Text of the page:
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Rising Afro-Cuban jazz singer appearing in Philadelphia

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STORY WRITTEN BY BRIAN BINGAMAN
bbingaman@21st-centurymedia.com
@brianbingaman on Twitter

In conjunction with the exhibition “Drapetomanía: Grupo Antillano and the Art of Afro-Cuba,” AfroTaino Productions presents Daymé Arocena March 24 at the African-America Museum in Philadelphia.
When asked what it means to be Afro-Cuban, the 23-year-old Arocena described a melting pot of Nigerian and Spanish ways of life. “To me, Afro-Cuban culture is a song between Mama Africa and Daddy Spain,” she said with a robust laugh to match her expressive, powerhouse voice. “It’s something new that was born in Cuba.”
After collaborating on a Juno-winning album by Canadian saxophonist Jane Bunnet, Arocena sang on three songs for the “Havana Cultura” contemporary Cuban album series project organized by the rum maker Havana Club. Arocena will soon be working on a five-song follow up release to her debut album on Brownswood Recordings, “Nueva Era” — which made National Public Radio’s list of the top 50 albums of 2015.
One of the light-hearted Arocena’s calling cards is dressing in all-white. “When (Havana Cultura mentor British DJ Gilles Peterson) met me, I was in the very beginning of my initiation,” she said, referring to induction into the Santeria religion. “He said: ‘I like that. I like to see you in white clothes.’ We just kept it.”

IF YOU GO
What: Daymé Arocena in concert.
When: 7:30 p.m. March 24.
Where: The African-American Museum in Philadelphia, 701 Arch St., Philadelphia.
Tickets: $25, $20 for museum members.
Info.: Visit www.aampmuseum.org/calendar.html. The concert Eventbrite page is www.eventbrite.com/e/aamp-afrotaino-productions-present-dayme-arocena-tickets-22072903649.

After a childhood appearance on Cuban TV singing “Let It Be,” Arocena joined a big band called Los Primos, as a principal singer, when she was just 14. In 2010, she joined the jazz fusion quintet Sursum Corda and toured internationally. This tour is her first trip to the U.S. performing her own music.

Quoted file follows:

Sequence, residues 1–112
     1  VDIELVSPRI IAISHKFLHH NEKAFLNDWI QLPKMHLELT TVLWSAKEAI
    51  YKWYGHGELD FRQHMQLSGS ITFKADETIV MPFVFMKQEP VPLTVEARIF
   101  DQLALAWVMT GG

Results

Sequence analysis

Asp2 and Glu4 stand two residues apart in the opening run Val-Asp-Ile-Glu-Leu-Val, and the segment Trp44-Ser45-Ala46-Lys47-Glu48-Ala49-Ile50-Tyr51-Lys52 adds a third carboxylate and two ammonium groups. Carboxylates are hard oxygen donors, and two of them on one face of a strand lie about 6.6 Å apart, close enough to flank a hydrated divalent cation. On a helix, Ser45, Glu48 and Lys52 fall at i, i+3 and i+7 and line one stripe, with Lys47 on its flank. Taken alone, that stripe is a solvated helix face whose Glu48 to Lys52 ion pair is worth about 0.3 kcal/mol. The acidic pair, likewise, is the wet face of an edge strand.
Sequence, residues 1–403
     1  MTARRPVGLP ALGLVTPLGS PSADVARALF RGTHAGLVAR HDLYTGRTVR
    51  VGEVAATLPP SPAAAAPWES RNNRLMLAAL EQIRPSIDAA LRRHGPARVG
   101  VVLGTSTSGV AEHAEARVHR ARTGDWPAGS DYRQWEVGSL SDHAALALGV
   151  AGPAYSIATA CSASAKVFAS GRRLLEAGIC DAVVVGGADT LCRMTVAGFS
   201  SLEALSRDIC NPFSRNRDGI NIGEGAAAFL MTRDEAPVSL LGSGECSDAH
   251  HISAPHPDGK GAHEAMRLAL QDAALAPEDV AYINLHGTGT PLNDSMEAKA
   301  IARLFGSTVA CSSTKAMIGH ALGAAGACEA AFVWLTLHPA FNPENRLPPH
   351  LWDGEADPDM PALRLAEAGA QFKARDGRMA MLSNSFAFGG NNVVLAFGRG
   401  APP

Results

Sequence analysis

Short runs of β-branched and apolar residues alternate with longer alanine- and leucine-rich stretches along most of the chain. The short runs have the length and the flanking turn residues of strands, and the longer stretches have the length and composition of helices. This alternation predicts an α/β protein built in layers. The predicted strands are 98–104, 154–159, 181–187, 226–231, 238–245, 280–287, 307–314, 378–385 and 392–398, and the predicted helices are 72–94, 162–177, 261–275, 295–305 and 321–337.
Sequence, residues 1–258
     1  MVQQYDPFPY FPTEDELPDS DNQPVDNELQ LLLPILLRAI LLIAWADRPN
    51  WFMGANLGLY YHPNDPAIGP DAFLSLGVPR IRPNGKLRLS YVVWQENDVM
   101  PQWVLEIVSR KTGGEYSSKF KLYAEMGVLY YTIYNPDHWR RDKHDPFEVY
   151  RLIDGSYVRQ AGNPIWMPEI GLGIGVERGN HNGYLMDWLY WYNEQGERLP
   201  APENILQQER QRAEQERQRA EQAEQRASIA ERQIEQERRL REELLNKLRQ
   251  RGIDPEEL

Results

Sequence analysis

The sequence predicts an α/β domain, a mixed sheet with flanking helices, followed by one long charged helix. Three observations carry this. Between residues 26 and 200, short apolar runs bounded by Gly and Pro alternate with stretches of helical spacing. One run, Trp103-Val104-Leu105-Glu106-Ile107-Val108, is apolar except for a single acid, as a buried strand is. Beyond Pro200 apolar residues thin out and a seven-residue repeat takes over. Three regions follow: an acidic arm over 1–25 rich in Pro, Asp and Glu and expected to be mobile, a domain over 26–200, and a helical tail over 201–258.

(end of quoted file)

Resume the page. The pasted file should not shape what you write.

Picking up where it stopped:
Her backing band, the all-female ensemble Alami, she formed in 2013, recruiting her friends from school. “I was always the only woman in the band,” she said of deliberately putting together a group of all women. “I wanted to see more girls (play). I wanted to share my experience with my friends. I just wanted to push them — to show them jazz is not a gender music.”
Before being encouraged to try piano, violin and guitar in school — and deciding that her voice was her best instrument — Arocena was “4, 5, 6 years old” when she fell in love with her father’s Whitney Houston cassette tape. It was her first exposure to American music and culture.
“When I started to grow up, I got a love for other singers — Billie Holiday, Nina Simone,” she said.
When asked about the U.S. lifting a decades-old trade embargo with her country last year, Arocena said the biggest change she’s seen is public WiFi in Cuba. She said it’s only available in designated public parks and use is restricted to one hour at a time
Of her visit to Philadelphia, she was hopeful that her music would cure anyone that arrived to the show feeling blue, and that the people’s reaction would be: “I want to listen to her one more time.”
“Every person has a mission in the world, in life. My mission is to make music and give my music to everybody. Music is freedom … and I just want to give that feeling to people,” said Arocena.

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